Eugene Peba arrived nine months before Arellano. He had come to the United States in November 2005 and told immigration agents at LAX that he was requesting asylum from his native Nigeria, where he had been tortured for his political activities. “I need your help, I’m a refugee,” he said, asking the agents if they knew “of any place here in the United States where they give shelter to people like me.”
Peba, just 20 years old, spent the next three months in the federal jail downtown, then six months at the county jail in Lancaster, where he was mixed in with accused felons. When he arrived on Terminal Island, he was placed in a three-room dormitory, or pod, with about 30 others. Each pod was like a self-contained jail composed of sleeping quarters, a dining area, and a bathroom. In contrast to Lancaster, he says, “it was very OK and comfortable.” He won the respect of the other detainees, and they appointed him their “rep”—to keep peace among inmates and to act as an intermediary with the guards.
Within a few months, more than 60 additional inmates were assigned to Pod 4. All beds were taken. Newcomers slept on “boats”—low, plastic canoelike bunks laid out between the beds and even among the tables in the dining room. The detainees came from different countries, spoke different languages, and had vastly different cultural expectations. It was hot. The ventilation was terrible. Everyone was irritable, and everyone was desperate to get out.
The new girl was light skinned and rail thin, with high cheekbones and sparkling eyes. Diana Santander recognized her immediately. “Victoria!” she screamed. Santander, then 41, with graying hair pulled into a ponytail and a beauty mark tattooed high on her left cheek, was the “rep” for the small group of gay and transgender detainees in Pod 4. They had their own row of beds and showered separately. Diana and Victoria had become friends a few weeks earlier, when both were being held at the Men’s Central Jail in downtown L.A. Both faced deportation, and both had planned to apply for asylum.
“I said, ‘Are you ready to fight for your papers?’” recalls Santander, who had left Mexico after being beaten by police.
“And she said, ‘Yes, mija, I’m ready.’”
They had one other thing in common. While Santander was in jail, she learned that she had been diagnosed with HIV. “I went into shock, depression, and Victoria came up to me and hugged me,” Santander recalls. “I was thinking about suicide. She told me, ‘Don’t—I have AIDS.’ ” Arellano reassured her that it didn’t have to mean death. They would help each other, and there were effective medications. She comforted Santander with the example of her own good health. “Look at me,” she said.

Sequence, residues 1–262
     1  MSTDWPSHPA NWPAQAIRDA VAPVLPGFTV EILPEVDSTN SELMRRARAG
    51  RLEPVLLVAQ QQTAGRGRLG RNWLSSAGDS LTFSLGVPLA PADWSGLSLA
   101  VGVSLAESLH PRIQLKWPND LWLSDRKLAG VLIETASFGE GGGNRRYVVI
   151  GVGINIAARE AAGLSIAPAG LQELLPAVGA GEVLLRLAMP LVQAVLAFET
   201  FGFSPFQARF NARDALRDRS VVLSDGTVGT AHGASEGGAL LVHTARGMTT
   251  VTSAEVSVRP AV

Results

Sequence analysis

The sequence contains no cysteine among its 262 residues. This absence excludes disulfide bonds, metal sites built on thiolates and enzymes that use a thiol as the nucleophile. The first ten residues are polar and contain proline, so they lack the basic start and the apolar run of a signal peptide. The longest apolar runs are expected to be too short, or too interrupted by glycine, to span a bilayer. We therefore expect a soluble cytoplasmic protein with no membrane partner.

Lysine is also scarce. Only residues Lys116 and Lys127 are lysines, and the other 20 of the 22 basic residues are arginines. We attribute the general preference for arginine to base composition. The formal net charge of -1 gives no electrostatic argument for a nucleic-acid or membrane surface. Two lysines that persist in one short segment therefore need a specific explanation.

Arellano, after all, had more energy than she knew what to do with, sometimes more than anyone in the pod knew what to do with. She was hard to ignore. She walked with confidence, claiming whatever space she passed through. She talked loudly and freely, her voice alive with humor, shifting from gleeful sarcasm to tenderness within a few breaths. She was always dancing. She sang a lot. “A lot, a lot, a lot,” says Eugene Peba with a laugh. She woke up singing. She sang early in the morning and late at night. She sang in the shower, sometimes for hours. Her taste ran to divas: Celine Dion, Gloria Trevi, Mariah Carey, Selena. Some detainees complained. “There are people that love music,” Peba says, “and there are people that don’t love music.” He confronted her. They struck a compromise: If anyone was sleeping, she would sing only in the dining area.
Despite those conflicts, and despite some detainees’ discomfort with her sexuality, Arellano was popular on Terminal Island. She did what she could with her baggy government-issue uniform, pegging her pants up high, twisting her shirt tight and tying it off in back. She was always moving, always in the middle of everything, always making people laugh. Her command of English, which she spoke as if she’d been born here, was a valuable commodity. She put it to use, helping others with their legal paperwork. When her mother sent money, she shared it. “She helped everyone,” says Walter Ayala, “even the guys who bothered her.”
Ayala was 13 years older than she was. Dark skinned, with a heavy face, intense deep-set eyes, and long wavy hair, he had fled El Salvador when he was 13, during that country’s civil war. A soldier had murdered a transgender friend of his and, believing Ayala had witnessed the crime, threatened to kill him as well. Ayala had spent most of his life in Silver Lake and loved music as much as Arellano did. They sang together, exercised side by side in the yard, passed the time playing cards, talking and dreaming. “She liked Starbucks and I liked Coffee Bean,” he says. “I’d tell her, ‘Let’s go to Starbucks.’” Then they would walk together to the dining area, find a seat, and try to pretend they were somewhere else.